categorizable)
  • Proportion giving response B almost unchanged
  • Because equipotential lines in II are closer
    together, the magnitude of the electric force is
    greater and would need the most work to move the
    charges
  • Proportion giving response C decreases
  • When the equipotential lines are farther apart
    it takes more work to move the charge
  • Proportion giving correct response E increases
  • Because the charge is moved across the same
    amount of potential in each case

34
Explanations for 26 (Post-Instruction 70-100
categorizable)
  • Proportion giving response B almost unchanged
  • Because equipotential lines in II are closer
    together, the magnitude of the electric force is
    greater and would need the most work to move the
    charges
  • Proportion giving response C decreases
  • When the equipotential lines are farther apart
    it takes more work to move the charge
  • Proportion giving correct response E increases
  • Because the charge is moved across the same
    amount of potential in each case

35
E
E
C
C
B
B
1998-2001 N 299
36
27
37
27
closer spacing of equipotential lines ? larger
magnitude field
correct
38
30

(b) or (d) consistent with correct answer on 27
39
27
closer spacing of equipotential lines ? larger
magnitude field
correct
40
Pre-Instruction
N 299
D closer spacing of equipotential lines ?
stronger field consistent consistent with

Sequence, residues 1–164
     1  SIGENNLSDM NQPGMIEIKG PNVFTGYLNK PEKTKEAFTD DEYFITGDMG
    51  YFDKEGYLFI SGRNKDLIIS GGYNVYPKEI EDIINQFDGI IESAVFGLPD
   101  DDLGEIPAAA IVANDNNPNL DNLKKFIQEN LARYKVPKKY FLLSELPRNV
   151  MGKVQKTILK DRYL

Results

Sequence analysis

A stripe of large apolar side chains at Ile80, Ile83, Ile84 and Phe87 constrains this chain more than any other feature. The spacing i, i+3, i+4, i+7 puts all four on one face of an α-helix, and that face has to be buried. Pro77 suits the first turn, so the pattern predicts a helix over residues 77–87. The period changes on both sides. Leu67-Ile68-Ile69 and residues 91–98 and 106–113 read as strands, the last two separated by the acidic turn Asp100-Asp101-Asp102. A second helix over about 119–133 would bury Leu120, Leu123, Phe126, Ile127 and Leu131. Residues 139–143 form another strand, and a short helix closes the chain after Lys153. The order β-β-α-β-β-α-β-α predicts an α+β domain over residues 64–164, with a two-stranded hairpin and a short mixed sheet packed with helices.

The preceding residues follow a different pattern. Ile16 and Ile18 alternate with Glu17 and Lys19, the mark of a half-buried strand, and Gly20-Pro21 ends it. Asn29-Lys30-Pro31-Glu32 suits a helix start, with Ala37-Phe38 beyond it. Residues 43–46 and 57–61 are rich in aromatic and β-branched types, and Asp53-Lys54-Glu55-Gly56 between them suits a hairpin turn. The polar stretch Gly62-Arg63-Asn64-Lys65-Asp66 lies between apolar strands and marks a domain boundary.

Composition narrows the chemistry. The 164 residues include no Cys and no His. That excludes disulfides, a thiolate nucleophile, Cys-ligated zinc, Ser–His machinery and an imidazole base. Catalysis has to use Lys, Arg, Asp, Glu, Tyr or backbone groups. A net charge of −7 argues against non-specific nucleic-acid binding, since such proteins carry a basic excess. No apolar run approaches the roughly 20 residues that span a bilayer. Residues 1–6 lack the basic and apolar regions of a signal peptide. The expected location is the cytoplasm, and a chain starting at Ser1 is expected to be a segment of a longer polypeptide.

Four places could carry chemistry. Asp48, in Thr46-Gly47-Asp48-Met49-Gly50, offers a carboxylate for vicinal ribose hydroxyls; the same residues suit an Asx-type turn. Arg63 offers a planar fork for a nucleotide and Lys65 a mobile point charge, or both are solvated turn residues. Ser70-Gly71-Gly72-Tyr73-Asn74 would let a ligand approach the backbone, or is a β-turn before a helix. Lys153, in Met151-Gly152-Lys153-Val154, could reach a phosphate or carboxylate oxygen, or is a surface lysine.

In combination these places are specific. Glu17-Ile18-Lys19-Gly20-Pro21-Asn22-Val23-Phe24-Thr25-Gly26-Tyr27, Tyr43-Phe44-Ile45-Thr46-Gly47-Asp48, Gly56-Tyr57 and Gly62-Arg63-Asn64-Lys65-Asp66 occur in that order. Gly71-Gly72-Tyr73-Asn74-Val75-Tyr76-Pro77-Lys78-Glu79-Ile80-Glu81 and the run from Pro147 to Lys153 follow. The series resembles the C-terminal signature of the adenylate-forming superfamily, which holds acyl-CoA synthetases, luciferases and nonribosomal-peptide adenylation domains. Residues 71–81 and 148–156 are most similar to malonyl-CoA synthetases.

answer on 30 (but some guesses)
41
Correct Answer, Incorrect Reasoning
  • Nearly half of pre-instruction responses are
    correct, despite the fact that most students say
    they have not studied this topic
  • Explanations offered include
  • chose them in the order of closest lines
  • magnitude decreases with increasing distance
  • greatest because 50 V is so close
  • more force where fields are closest
  • because charges are closer together
  • guessed

42
Correct Answer, Incorrect Reasoning
  • Nearly half of pre-instruction responses are
    correct, despite the fact that most students say
    they have not studied this topic
  • Explanations offered include
  • chose them in the order of closest lines
  • magnitude decreases with increasing distance
  • greatest because 50 V is so close
  • more force where fields are closest
  • because charges are closer together
  • guessed

43
Correct Answer, Incorrect Reasoning
  • Nearly half of pre-instruction responses are
    correct, despite the fact that most students say
    they have not studied this topic
  • Explanations offered include
  • chose them in the order of closest lines
  • magnitude decreases with increasing distance
  • greatest because 50 V is so close
  • more force where fields are closest
  • because charges are closer together
  • guessed

students initial intuitions may influence
their learning
44
Pre-Instruction
N 299
D closer spacing of equipotential lines ?
stronger field consistent consistent with
answer on 30 (but some guesses)